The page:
International Neuromodulation Society Online Moderated Discussion

As a special benefit to members, the INS offers secure areas for members-only discussions and resources. Watch this space for upcoming announcements.


Join Us!

 

brain concept

Periodic discussions take place in the Members Only Area of the INS website, where they are archived for later viewing.


How to join the discussion - all members are welcome! 


Members may use the following instructions to navigate to the discussion board –

1)   Choose “login” from the grey navigation buttons on the upper left to reach http://www.neuromodulation.com/login

2)   Enter your Username and Password (you may want to click “remember me”), and click the login button

3)   If not automatically directed there, click the “Members-Only Section” button on the left-hand navigation pane

4)   After the members’ welcome page opens, the entrance to the discussion board will be the fourth item down, shown with the green line at the bottom of the screen shot below:

 Member menu page

5)   When the forum page opens, choose the Expert Panel, the second item in the green discussion area shown below, and enter your questions and perspectives, which will be moderated daily during the active discussion period (and then will remain open for later viewing or comments)

6)   Check back frequently to view responses and comments

Community forum page

Note: Members are also welcome to carry out discussions in the general discussion section at the top of the discussion board (as well as to notify the Executive Office at INS@neuromodulation.com with suggestions for future discussions, or observations that might improve the experience).


More about past panels:

The October 2014 panel:

"Neuromodulation and Ischemic Pain"

INS President Dr. Simon Thomson, Dr. Shoaeddin Damirchi, and Dr. Gianni Colini Baldeschi

Dr. Damirchi, Chief Vascular Surgeon, Evangelisches Krankenhaus Herne, Director of the Vascular Center Herne / Castrop-Rauxel, Germany, remarked, "As a vascular surgeon in a high-volume center my daily routine is to revascularize patients with critical limb ischemia, if necessary in open, endovascular or hybrid procedures down to the foot. But despite all efforts there is a certain percentage where no or no more revascularization is possible. I always looked out for possibilities to save those patients from major amputation. In 2010,I started using neuromodulation in non-reconstructable limb ischemia and would not want to miss this effective treatment in well-chosen cases. I look very much forward to a stimulating discussion with colleagues sharing our experiences with more than 80 cases."

The August 2014 panel:

"How do we take neurostimulation beyond the Neuromodulation Appropriateness Consensus Committee (NACC)?"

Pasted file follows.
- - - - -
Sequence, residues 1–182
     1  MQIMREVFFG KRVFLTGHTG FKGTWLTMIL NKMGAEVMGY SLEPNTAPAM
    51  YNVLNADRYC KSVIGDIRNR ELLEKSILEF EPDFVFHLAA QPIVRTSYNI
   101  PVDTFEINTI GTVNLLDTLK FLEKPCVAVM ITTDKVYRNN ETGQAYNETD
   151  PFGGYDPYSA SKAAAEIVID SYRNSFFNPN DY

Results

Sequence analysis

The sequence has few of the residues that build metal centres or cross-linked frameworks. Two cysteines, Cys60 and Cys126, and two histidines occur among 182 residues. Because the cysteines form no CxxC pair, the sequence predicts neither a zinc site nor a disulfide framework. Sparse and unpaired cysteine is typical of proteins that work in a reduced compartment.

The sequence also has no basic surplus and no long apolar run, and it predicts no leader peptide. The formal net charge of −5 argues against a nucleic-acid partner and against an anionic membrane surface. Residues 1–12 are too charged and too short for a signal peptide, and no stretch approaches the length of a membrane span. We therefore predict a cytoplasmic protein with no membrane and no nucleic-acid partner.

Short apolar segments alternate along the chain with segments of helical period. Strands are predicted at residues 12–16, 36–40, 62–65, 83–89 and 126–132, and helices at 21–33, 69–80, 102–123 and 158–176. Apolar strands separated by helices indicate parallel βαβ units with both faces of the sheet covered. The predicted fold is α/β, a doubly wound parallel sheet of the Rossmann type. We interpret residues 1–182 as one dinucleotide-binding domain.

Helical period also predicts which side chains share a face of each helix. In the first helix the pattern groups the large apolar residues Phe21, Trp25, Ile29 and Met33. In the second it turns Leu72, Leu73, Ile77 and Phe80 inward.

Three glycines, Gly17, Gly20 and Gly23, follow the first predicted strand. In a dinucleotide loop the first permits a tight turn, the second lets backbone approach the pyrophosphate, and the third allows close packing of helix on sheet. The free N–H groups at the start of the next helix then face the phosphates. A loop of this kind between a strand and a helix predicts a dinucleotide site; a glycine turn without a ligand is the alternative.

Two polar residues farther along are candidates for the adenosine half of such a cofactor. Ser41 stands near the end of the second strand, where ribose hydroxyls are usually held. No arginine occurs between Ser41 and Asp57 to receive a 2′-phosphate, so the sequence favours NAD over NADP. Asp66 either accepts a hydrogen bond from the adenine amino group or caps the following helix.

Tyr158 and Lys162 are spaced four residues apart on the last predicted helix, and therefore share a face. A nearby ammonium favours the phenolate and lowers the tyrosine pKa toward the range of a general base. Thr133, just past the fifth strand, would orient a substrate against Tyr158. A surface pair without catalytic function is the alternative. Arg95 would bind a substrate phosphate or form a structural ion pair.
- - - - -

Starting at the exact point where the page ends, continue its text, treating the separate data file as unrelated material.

INS President Dr. Simon Thomson, INS President-Elect and NACC Chair Dr. Timothy Deer, INS Secretary Dr. Marc Russo, and INS Editor-in-Chief Dr. Robert Levy

(To learn more about the co-moderators, please read about them on the INS Board page.)

The committee findings represent the first set of comprehensive guidelines regarding appropriate use of neurostimulation in chronic pain, and have been structured to facilitate periodic updates. The articles are intended to help both newer and more-experienced practitioners make sense of the wide-ranging scientific literature on neurostimulation for chronic pain. Formation of the NACC was modeled after the Polyanalgesic Consensus Conference, which has issued guidelines and updates four times since 2000 regarding the use of intrathecal drug delivery systems for chronic pain. 

The January 2014 panelists:

Dr. Peter Goadsby and Dr. Richard L. Weiner

Co-moderators Dr. Peter Goadsby and Dr. Richard L. Weiner addressed the evidence for, and challenges of, occipital nerve stimulation for medically refractory primary headache in a discussion that coincided with publication in Neuromodulation: Technology at the Neural Interface 16:6 of a retrospective case series, "Long-Term Outcome in Occipital Nerve Stimulation Patients With Medically Intractable Primary Headache Disorders."

Peter Goadsby, MD, PhD, directs the Headache Center at the University of California, San Francisco and co-authored the ONSTIM (Cephalalgia 2011), PRISM, and ICON studies of occipital nerve stimulation for medically intractable migraine or cluster headache, respectively.


Richard L. Weiner, MD, clinical associate professor of neurosurgery at the University of Texas Southwestern Medical Center and Chairman of Neurosurgery at THR Presbyterian Hospital of Dallas, developed subcutaneous peripheral nerve stimulation for relief of medically refractory occipital pain, with colleagues, conducting "first in man" implantation in the 1990s, which was published in Neuromodulation (Weiner RL, Reed KL. Peripheral neurostimulation for control of intractable occipital neuralgia. Neuromodulation. 1999 Jul;2(3):217-21. doi: 10.1046/j.1525-1403.1999.00217.x.).

The November 2013 panelists:

INS President Dr. Simon Thomson and INS Director-at-Large Dr. Konstantin Slavin

A discussion on the pros and cons of percutaneous vs. paddle leads for spinal cord stimulation (SCS) was co-moderated by Dr. Thomson, consultant in Anaesthesia and Pain Management at Basildon and Thurrock University NHS Trust, along with INS Dr. Slavin, professor of neurosurgery and head of Stereotactic and Functional Neurosurgery at the University of Illinois at Chicago. Dr. Thomson has been using SCS for 21 years and has extensive  experience placing percutaneous cylindrical SCS leads. He has also been involved in research, guideline writing, training, teaching and clinical audit. With a keen interest in spinal cord stimulation becoming a standard of practice to manage refractory pain of neuropathic, ischaemic or visceral origin, he has worked to ensure there is high quality clinical evidence for the effectiveness and safety of this therapy at an affordable cost. Dr. Slavin has treated hundreds of patients with SCS over the past 15 years, and was selected to co-host this discussion because of his expertise in both percutaneous and laminectomy-type SCS electrodes. Among other publications, Dr. Slavin co-authored “NANS Training Requirements for Spinal Cord Stimulation Devices: Selection, Implantation, and Follow-up” in Neuromodulation: Technology at the Neural Interface in 2009 and a recent paper on “Incidence and avoidance of neurologic complications with paddle type spinal cord stimulation leads”, published in Neuromodulation: Technology at the Neural Interface in 2011.